Wednesday, May 18, 2022

Ski resort aims to make snowfall more efficient amid drought

DENVER ( Associated Press) — The scenery can be scorching during an extreme drought: Snow-capped guns on a hill destroy flakes of precious crystals on a ski run, while the rest of the ground becomes parched.

Snowpack in the US West has decreased by about 20% over the past century, making man-made snow more important each year to open ski resorts and boost ski town economies as they move into an uncertain future.

As the effects of drought and climate change increasingly hit home, the ski industry has invested millions of dollars in more efficient snowmaking systems, amid questions about whether the practice is a wise use of energy and water.

“The effects are there. They are regrettable. We will not have to make snow,” said Auden Schendler, senior vice president of sustainability at Aspen Skiing Company in Colorado. “But our regional economy and the economies of all ski towns depend on the operation of your ski resort . And so it’s a necessary evil.”

Snowmaking has been around since at least the 1950s, but the practice became more widespread in the West after a severe drought in the late 1970s. According to the Colorado-based National Ski Area Association, about 87% of the 337 U.S. alpine resorts represent the trade group that has snowmaking capabilities.

Many resorts draw water from nearby streams or reservoirs and use compressed air and electricity to pile snow on the slopes, usually when it is cold. Those piles are then spread over a base layer that allows resorts to open in early winter and remain open through spring.

An analysis of most ski resorts in Colorado found that snowmaking diverts about 1.5 billion gallons (6.8 billion liters) of water per year in the state, said Kevin Wren, state engineer and director of the Colorado Division of Water Resources. That’s enough to fill about 2,200 Olympic-sized swimming pools.

It sounds like a lot, but Rein said snowmaking accounts for less than a tenth of the 1% of water diverted in the state, of which agriculture accounts for about 85%. In addition, about 80% of the water used to make ice is returned to the watershed when the snow melts in the spring.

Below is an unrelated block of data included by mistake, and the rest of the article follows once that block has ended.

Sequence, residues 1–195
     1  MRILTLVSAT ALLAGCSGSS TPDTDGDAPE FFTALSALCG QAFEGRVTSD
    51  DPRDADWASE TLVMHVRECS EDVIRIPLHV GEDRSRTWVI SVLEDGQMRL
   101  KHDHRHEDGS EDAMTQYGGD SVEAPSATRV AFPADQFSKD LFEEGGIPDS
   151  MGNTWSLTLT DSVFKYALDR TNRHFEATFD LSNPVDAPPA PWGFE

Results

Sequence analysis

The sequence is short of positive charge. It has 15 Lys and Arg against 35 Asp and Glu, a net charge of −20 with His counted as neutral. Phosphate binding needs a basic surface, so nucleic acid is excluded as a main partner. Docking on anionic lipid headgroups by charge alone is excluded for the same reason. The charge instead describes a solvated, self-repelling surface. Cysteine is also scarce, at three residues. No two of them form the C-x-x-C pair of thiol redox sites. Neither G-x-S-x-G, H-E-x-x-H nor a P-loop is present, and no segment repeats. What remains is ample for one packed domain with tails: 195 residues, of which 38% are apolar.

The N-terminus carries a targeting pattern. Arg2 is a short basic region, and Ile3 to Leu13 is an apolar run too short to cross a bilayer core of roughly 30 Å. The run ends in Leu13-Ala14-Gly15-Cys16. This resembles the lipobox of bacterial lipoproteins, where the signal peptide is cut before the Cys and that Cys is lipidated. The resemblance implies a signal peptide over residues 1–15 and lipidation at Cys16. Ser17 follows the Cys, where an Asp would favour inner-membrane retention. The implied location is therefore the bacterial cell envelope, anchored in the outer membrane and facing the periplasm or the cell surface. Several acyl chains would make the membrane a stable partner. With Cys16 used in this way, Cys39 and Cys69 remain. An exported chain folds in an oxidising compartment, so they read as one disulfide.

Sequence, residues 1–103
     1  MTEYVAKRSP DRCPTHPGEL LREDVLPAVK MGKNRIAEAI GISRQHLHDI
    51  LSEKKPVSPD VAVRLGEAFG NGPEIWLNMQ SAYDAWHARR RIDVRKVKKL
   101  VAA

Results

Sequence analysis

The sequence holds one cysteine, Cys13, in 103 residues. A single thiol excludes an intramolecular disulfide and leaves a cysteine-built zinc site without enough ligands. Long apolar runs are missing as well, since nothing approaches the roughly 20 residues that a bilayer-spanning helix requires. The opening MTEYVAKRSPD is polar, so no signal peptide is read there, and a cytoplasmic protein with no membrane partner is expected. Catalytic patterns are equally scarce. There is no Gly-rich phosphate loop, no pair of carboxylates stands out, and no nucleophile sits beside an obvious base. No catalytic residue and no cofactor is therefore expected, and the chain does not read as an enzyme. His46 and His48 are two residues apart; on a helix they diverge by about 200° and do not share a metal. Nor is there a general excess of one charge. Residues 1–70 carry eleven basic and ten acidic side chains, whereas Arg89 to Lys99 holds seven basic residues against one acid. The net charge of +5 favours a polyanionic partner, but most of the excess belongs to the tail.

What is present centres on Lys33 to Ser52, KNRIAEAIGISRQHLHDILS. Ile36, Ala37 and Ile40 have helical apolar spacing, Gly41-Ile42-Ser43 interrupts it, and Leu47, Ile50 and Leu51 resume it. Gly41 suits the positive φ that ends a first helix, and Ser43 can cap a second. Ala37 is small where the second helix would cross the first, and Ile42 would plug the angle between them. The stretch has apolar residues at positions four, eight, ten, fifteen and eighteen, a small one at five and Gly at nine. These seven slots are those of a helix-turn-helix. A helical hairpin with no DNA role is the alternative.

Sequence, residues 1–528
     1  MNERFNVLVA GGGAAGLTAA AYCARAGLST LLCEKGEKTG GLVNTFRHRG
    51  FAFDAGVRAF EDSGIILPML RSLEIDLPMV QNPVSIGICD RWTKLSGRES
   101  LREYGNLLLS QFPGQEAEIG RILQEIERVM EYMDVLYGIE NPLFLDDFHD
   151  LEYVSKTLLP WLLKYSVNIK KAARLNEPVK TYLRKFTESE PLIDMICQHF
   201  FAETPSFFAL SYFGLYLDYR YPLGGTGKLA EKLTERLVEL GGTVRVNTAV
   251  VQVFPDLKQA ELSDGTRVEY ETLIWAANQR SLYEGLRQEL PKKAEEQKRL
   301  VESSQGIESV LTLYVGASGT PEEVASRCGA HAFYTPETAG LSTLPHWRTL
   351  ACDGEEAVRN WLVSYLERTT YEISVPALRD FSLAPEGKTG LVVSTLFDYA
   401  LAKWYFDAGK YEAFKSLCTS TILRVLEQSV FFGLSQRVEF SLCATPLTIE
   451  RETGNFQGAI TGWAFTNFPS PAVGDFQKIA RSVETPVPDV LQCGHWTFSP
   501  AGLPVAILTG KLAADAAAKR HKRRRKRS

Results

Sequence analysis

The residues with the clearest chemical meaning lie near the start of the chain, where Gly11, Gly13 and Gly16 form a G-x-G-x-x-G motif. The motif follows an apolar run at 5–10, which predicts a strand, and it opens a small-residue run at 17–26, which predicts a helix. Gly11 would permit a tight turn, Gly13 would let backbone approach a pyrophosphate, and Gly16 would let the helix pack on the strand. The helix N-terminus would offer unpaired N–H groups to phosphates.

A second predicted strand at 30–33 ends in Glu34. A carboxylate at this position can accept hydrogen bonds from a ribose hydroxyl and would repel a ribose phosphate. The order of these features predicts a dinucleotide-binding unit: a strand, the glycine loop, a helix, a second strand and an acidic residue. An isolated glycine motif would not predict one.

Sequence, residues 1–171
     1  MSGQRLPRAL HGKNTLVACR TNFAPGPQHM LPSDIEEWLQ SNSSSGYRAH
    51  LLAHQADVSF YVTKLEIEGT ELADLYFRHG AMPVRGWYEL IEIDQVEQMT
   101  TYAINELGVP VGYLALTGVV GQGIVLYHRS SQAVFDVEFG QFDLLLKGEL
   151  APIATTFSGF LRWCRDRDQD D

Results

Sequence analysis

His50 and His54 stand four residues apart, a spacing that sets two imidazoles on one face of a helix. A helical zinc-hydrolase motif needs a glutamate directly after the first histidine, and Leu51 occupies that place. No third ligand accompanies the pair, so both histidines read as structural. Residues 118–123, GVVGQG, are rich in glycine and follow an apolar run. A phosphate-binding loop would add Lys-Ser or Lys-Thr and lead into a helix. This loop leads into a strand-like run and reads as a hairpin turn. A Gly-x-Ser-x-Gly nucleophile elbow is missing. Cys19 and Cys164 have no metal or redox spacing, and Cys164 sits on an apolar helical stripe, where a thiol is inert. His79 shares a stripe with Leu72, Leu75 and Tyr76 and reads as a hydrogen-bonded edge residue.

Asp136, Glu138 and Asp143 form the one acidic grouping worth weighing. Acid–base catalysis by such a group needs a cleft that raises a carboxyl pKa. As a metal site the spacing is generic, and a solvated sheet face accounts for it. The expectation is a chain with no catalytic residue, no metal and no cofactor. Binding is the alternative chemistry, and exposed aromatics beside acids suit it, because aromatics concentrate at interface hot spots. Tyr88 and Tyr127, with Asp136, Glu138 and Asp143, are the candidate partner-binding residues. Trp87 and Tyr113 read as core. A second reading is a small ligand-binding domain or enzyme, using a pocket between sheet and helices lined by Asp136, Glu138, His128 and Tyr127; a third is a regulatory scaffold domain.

Snowmaking is recognized by the courts as a “beneficial use” in Colorado, said Rein, whose agency controls the process. “It’s part of our tourism, it’s part of what we do in Colorado.”

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But Patrick Belmont, professor and head of the Department of Watershed Sciences at Utah State University, said it’s important to note that a lot of energy is used during snowmaking, and a lot of water is lost through evaporation and sublimation. Is.

“It’s not insignificant, especially in a place where we don’t have a lot of water to begin with. … Every drop of water matters,” he said.

Belmont, an avid skier who recently published a comprehensive study on snowmaking and climate change, is also concerned that man-made snow, which thickens and melts later than the real thing, could be affecting stream flow. can.

“There are a lot of fish that take their cues for when to spawn or when to do different things in their lives based on how the flow is going up or down. That’s why we call those organisms For some of those types of natural signals are changing,” he said.

Schendler of Aspen Skiing Company said, “Ski resorts have made great strides in becoming more efficient and more environmentally friendly. But he also remembered a time when he often did not pay much attention to weather forecasts, only to see the fruits of his labor melt away in the hot afternoon sun.